So, my wife Kalebra comes to me one day recently and says "How would you like to collaborate on a photo project?" I didn't even know what it was, but I said, "I'm in!" She is such a creative force, and that's an area I've struggled with for a while, which is why I've been asking Kalebra to art direct so many of my recent projects. Well, I was already "in" (she had me at "How…"), but once I heard her concept, it's just so "us" that I couldn't wait to shoot it.
Here's how she describes the series, which she calls "Title Tracks:"
“It's a photo series based on song titles, but instead of simply interpreting the song as written, we reinterpret it with our own meaning, and that becomes the image.”
She tells me, "It's a collaboration: I'll come up with the concept, I'll art direct it, and I'll even style it. You do all the lighting, shooting, and retouching parts. It's something we can create together." I was all over it!
She added, "Let's get our video team to document it — I'd like for the kids to have it — a video of us collaborating on a creative project together. You know that will mean a lot to them."
It will mean a lot to us, too.
So, our personal photo project has begun, and the first song Kalebra chose to reinterpret in this multi-photo series was "Say Something" by the duo "A Great Big World." (link to preview the song on iTunes).
Here's how she describes the story:
“Our story is of a composer obsessed with the piece of music he cannot finish. He believes it is the one he was born to create and he has followed its path anywhere and everywhere so long as he could continue to work on finishing it but tonight he is driven to despair — out of money, time and talent he’s ready to give up on his “love.” If only it would speak itself to him, and just “say something.”
Below: Here's some shots from behind-the scenes at the Capitol Theater in Clearwater, Florida (photos by Juan Alfonso).
Top: Kalebra and I reviewing some of the shots (I'm tethered into Lightroom so when I shoot the images appear large on my screen — shout out to the awesome folks at tethertools.com - don't know how I'd do shoots like this without them). Kalebra wanted a smokey backstage type of feel to the shot, so we brought a "hazer" which worked great for bringing that smokey backstage feel to the shoot, and giving the lighting some added dimension.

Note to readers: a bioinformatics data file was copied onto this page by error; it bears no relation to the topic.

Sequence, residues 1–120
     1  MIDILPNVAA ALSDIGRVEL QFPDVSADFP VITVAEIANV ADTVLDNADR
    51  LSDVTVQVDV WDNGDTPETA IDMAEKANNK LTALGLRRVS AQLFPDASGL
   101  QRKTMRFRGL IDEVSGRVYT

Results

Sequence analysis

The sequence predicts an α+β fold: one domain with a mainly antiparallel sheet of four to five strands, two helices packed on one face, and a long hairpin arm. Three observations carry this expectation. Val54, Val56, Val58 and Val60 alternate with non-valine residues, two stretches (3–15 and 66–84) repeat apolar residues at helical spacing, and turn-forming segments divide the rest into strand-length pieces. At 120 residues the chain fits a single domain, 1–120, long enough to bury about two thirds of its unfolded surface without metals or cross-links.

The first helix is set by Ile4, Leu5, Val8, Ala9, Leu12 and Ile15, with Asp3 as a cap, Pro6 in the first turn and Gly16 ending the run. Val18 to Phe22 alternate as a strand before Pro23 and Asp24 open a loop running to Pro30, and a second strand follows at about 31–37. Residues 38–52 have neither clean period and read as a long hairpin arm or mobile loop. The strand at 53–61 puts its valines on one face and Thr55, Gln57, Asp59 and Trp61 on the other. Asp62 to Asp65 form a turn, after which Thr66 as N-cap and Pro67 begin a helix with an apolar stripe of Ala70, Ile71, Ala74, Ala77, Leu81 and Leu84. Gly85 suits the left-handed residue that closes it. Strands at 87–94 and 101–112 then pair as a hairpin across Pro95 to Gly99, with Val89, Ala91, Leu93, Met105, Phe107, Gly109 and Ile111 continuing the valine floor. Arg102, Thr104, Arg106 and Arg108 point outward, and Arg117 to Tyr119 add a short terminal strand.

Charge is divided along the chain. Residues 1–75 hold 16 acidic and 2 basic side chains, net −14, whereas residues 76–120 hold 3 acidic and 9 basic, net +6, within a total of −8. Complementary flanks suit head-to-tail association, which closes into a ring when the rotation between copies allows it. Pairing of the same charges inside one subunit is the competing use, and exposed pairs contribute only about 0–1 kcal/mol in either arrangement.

2nd Row Left and Right: Kalebra arranging the props and talking with our tormented composer, Mitesh, giving him direction on posing and the emotion she wants to bring out in the shot. Mitesh was awesome, especially since he's an architect; not an actor or composer.
Bottom Row: You can see my shooting position, and how I'm having to shoot my Canon 5D Mark III with the 70-200mm mounted on a tripod (more on this in a moment). You also see Leighton from our video crew manning the hazer (it's like a smoke machine, but instead of clouds of smoke it just spits a water-based mist into the air every few seconds).
Top Row Below: My main light is a Phottix Mitros Flash with a Westcott 26" Rapid Box Octa, and a fabric grid gaffer's taped to the front of it (here you see the diffusion panel over it, but we eventually took it off for a punchier light. The fabric grid makes the light much more narrow and focused).
2nd Row: You can see the two Phottix Mitros flashes I placed behind our subject. The lower one is for lighting the side of his face, kind of a rim light or kicker light. The higher one is a bare flash (no modifier of any kind) aimed back at the camera — I placed it there so it would look like a stage light behind him. BTW: if you look behind Kalebra in this shot, you can see the egg crate fabric grid on the front of the Rapid Box Octa.
3rd Row: Here's a better look at the front of the two flashes. The one on the right has a Rogue Flash Bender on it with a metal grid, which I used to focus the beam on the back side of his face. The other flash is that bare bulb to look like a stage light.
Bottom Row left: That's me looking up wondering why there is a stage light aiming down at my subject. The awesome crew at the Capital Theater quickly aimed it away from our subject, so only my flashheads were lighting him.
Bottom Row Right: At the beginning, I shot with a 70-200mm in pretty tight (you can see this on my laptop screen), but it wasn't where we wanted it to be, so we kept working the scene. I was at such a slow shutter speed (1/4 of a second) that I had to shoot on a tripod, and I had to have Mitesh freeze any motion while I took each shot. The reason I had the shutter speed so low (I'm normally at 1/125 of a second) is because I wanted to add in the ambient backstage light, which was very low lighting, but I also wanted to keep my ISO at 100, so by lowering the Shutter speed way down, I was able to add the ambient light in (even though there's much less of it than appears in the BTS shots which were shot in Aperture Priority mode, so it automatically balances the exposure). My f/stop was f/5.6 the whole time, so put the background just a tiny bit soft.
I'm firing my Phottix Mitros flashes with a Phottix Odin II Flash Trigger Transmitter for Canon (that's what you see sitting on my camera's hot shoe mount). I can turn on/off any of the three flashes, and/or change their power setting. Best transmitter ever (BTW: I shoot in manual mode on the flashes).
Here's our awesome crew for the shoot (below from L to R): Juan Alfonso (behind the scenes videos and stills); Art Director Kalebra, our composer and subject Mitesh Dixit, Yours Truly, 1st Assistant Kathy Porupski, Producer Jen Coffin, My Exec Assistant Lynn Miller, Hair & Makeup by Toni Jo Peruzzi, Video and 360° video by Leighton Silvestro. Photo by Jeff Kelby on an iPhone 7 Plus.